Hopeful commercial and real estate developers used to call Jane and Tom Schetter regularly, asking about their 145 acres of farmland and 40 acres of woods just north of Fostoria on a tributary of the Portage River. “Now we can just tell them, it’s in a conservation easement,” said Jane, “and that closes that down.”
Bill Frankart also chose an agricultural easement for his 510 acres in Sandusky and Seneca counties. Development pressure where he farms, farther away from cities for now, tends to be utility companies. An easement creates a shield that, for example, adds a layer of protection against a power company wanting to run transmission lines through his farm fields.
An easement can be designed to meet a family’s immediate and future needs. In the case of the Schetters, one parcel of land by the creek was kept out the easement and may be built on by one of the children in the future. For Bill Frankart, he was able to add to the easements over time, starting with 70 acres years ago and now including all 510 acres that he farms. Land preserved by an easement can be sold or gifted but the protection remains with the land, and it can never be developed with residential or commercial construction.
For both families, that permanency is satisfying. Six generations of the Schetter family have raised cattle, farmed, and lived on their land since 1935. Now they know it will always be open space. Schetter family members will remain living on their property in two homes. Those properties can be improved or replaced but no new construction will happen on the protected land. The creek that runs through their woods is a branch of the Portage River. It will continue to be a natural buffer, filtering the water leaving the farm and retaining stormwater and rainwater. Since they stopped raising cattle they have seen more ecological diversity return to the woods and fields. Jane Schetter said, “Cattle aren’t trampling around so the creek is clearer. We’re seeing wildflowers, and more deer and rabbits.” Their woods are diverse with nut-producing trees including buckeye, hickory, and black walnut, as well as black cherry, American beech, honey locust, maples, sycamores, and a few ash trees that escaped the emerald ash borer. The family continues to plant trees every year, including fir trees which provide their Christmas trees.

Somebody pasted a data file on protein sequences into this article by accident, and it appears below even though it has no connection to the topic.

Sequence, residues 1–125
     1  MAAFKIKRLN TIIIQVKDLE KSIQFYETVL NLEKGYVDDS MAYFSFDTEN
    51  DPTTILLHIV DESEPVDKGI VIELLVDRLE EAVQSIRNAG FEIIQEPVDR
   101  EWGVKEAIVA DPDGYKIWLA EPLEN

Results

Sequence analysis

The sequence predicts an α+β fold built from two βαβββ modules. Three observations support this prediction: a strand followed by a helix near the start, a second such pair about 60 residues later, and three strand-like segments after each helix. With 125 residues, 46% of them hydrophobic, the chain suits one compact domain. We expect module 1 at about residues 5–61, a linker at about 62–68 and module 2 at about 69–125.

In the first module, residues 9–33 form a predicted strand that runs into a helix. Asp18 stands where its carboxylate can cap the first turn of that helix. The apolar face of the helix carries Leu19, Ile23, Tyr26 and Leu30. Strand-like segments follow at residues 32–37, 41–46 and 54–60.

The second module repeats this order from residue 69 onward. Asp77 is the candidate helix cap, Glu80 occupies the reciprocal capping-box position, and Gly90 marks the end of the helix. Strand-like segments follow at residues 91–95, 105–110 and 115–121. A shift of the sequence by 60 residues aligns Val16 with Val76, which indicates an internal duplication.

Bill Frankart and his family are actively working their land, farming corn and soybeans, and they plan to keep it that way. He said, “It’s important that we take steps to preserve farmland and keep land viable for food production in the future. Not just in Ohio, but internationally.” He realizes that other interests see big farm fields as a developable resource but to Frankart, the greater value of his land is the family business of food production. His easements ensure that he and his family can manage the property for the best production. His land management strategy includes use of filter strips around waterways, and he participates in the Conservation Reserve Program which takes environmentally sensitive land out of agricultural production.
Frankart weighed the costs and benefits of an easement. He appreciates the years of tax deductions he’ll receive for extinguishing his development rights and sees no downside. Some people told him that you lose value of the land when you put it in an easement. However, Bill said that since the goal is to keep this land as a family farm, lowered values can help with estate planning and generational transfers.
For the Schetters, their goal was simply keeping the family homestead and woods intact and in the family. Jane Schetter said, “We are pleased to have permanently preserved the land in an ever-changing society.”
To find out how to permanently preserve and protect agricultural land, start the process by talking to Black Swamp Conservancy. Find answers to initial questions online at blackswamp.org/conservation-options.